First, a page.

But at least all my books survived with only minor injuries -- a few creased pages and bent covers when the piles of books toppled over. Towards the end of the night I was in too much of a rush to be careful.


message 25: by Katy, New School Classics (new) - rated it 5 stars

Katy (kathy_h) | 9559 comments Mod
So sad that it will take forever for things to get fixed for you. Good job on saving the books though.


message 26: by George P. (last edited Oct 11, 2017 03:28PM) (new) - rated it 3 stars

George P. | 568 comments I've almost finished so I will jump over to the "spoilers" thread in a few days. One of my GR friends read this previously and only rated it 3 (of 5) stars, but I have been enjoying it. Jackson had a very lucid writing style, easy to read, with great descriptive lines and excellent characters, I think. One character poorly developed here is "Luke" the heir to the house, but I forgive that because it's not a very long book so hard to develop them all. I liked the curt, rude Mrs Dudley "I clear at 10!", and the bossy Mrs.Montague. I suppose the intent of having the women Eleanor and Theodora act silly a lot is to convey that it's a defense mechanism for their anxiety.


message 27: by Kayla (new)

Kayla (kaylavano) I really want to join in on this one, but not having any luck finding a copy of the book. I've already exceeded my book budget for the month. I'm on the wait list for my library's single copy.


Michael | 16 comments Gary wrote: "I think it's necessary when discussing this book to note the amazing first paragraph. For the sake of reference, here's it is:
No live organism can continue for long to exist sanely under conditi..."


Sorry I'm jumping in here late. I started posting on the spoiler side of things, then decided to check out this side. I'm so glad I did. What wonderful comments. Thanks so much, Gary, for the marvelous links. I'm a huge fan of this book, and it deserves such praise.


message 29: by Gary (last edited Oct 18, 2017 06:42AM) (new) - rated it 5 stars

Gary Michael wrote: "I started posting on the spoiler side of things, then decided to check out this side. I'm so glad I did. What wonderful comments. Thanks so much, Gary, for the marvelous links."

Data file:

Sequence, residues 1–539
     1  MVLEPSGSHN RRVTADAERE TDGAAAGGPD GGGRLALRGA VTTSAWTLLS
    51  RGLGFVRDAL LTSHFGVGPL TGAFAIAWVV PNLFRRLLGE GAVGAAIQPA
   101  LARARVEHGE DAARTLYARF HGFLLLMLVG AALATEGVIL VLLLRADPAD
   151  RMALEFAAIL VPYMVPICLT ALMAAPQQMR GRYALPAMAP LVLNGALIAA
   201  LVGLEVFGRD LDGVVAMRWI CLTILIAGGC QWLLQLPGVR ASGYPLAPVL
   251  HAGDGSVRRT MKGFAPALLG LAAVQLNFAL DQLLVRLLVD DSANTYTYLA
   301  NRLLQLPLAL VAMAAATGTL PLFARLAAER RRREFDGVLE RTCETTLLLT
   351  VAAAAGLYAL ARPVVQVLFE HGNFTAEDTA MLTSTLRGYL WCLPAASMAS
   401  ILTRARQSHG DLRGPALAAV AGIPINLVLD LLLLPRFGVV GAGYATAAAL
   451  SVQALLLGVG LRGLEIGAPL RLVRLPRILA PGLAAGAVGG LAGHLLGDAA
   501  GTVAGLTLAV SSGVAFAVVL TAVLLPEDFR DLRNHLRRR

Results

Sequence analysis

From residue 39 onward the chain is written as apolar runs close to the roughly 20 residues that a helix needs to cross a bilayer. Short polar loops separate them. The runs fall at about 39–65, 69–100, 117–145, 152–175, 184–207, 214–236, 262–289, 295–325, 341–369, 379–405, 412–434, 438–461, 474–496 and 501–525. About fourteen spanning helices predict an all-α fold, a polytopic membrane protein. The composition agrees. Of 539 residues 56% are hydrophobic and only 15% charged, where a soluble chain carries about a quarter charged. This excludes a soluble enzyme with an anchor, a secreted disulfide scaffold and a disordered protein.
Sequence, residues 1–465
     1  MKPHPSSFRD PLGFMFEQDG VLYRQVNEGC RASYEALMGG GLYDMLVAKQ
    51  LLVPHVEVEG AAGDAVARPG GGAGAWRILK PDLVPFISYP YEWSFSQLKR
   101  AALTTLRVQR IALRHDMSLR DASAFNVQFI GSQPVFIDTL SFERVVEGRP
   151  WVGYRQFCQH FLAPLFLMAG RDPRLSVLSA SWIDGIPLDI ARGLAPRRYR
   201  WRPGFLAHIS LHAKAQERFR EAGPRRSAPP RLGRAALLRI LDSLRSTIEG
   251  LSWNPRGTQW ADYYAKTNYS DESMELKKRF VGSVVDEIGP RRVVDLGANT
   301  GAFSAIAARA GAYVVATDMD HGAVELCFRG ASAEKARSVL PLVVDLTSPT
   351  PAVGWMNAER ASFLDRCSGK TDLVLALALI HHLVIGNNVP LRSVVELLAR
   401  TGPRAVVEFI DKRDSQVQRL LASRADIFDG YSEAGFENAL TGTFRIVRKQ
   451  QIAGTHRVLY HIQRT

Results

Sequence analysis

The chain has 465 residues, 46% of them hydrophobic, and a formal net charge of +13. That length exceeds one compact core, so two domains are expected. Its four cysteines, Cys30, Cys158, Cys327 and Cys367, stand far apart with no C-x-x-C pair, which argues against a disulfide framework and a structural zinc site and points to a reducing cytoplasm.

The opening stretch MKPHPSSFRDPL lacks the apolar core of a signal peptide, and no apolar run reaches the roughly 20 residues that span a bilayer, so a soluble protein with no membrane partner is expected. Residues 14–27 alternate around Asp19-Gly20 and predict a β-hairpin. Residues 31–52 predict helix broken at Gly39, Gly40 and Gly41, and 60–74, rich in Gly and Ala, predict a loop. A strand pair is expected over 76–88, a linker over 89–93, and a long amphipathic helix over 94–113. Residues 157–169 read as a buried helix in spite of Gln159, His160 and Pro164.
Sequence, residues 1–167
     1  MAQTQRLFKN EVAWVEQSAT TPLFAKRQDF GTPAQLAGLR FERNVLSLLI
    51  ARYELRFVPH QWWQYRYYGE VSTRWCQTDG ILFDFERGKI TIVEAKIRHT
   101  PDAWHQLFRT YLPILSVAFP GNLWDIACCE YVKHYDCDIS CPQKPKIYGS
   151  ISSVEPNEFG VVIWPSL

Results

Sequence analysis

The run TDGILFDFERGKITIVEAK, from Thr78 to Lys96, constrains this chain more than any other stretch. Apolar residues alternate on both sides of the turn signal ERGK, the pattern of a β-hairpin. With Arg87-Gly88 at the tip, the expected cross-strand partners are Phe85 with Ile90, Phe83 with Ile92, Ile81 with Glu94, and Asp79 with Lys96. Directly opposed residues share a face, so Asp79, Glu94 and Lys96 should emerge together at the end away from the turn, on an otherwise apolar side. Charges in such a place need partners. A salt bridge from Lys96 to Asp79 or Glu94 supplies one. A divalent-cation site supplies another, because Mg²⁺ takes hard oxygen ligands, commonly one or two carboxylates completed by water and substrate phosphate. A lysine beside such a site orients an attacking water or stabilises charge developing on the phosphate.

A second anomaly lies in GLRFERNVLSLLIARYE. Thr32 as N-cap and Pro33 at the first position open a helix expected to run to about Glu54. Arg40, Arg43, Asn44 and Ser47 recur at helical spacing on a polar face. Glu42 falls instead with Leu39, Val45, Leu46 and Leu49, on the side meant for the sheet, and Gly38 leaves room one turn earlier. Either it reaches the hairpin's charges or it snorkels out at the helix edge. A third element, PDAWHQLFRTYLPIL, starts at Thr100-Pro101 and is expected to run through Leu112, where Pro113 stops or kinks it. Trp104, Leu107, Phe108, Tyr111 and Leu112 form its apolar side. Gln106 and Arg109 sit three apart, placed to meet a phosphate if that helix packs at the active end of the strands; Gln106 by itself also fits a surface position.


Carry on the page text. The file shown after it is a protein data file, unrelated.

Very welcome, Michael. I supposed that the first paragraph didn't really count as a spoiler, so I posted it here.

Probably another thing to note about this book that's not a spoiler is the life of the author. Shirley Jackson had a rather tough life in a lot of respects. She didn't spend her childhood down a mineshaft or anything like that, but what could have been a rather idyllic childhood in the San Francisco area was marred by her constantly belittling mother, who apparently heckled her all the days of her life. She wound up marrying Stanley Hyman straight out of college. Neither her nor Hyman’s parents attended the wedding. His parents were traditionally Jewish, and didn’t approve of him marrying outside the faith. Her parents were anti-Semitic, so Jackson didn’t even tell them about the marriage until months after the wedding.

Her marriage was almost certainly what we'd call verbally abusive these days. He routinely had sex with other women, including her friends, told her about it, ridiculed her objections and carried on in the name of his belief in a "bohemian lifestyle" as a literary critic. That belief didn't extend to her, though, so he expected her to have and raise children, and keep the house while playing the good professor's wife at faculty events. Even after her income as a writer surpassed his, that was the case.

That was the era of "mother's little helper" being prescribed by doctors, so it's not much of a surprise that she turned to tranquilizers and alcohol. She also had prescriptions for amphetamines for weight loss. She died of a heart-attack at 48 after being a shut-in for the previous year.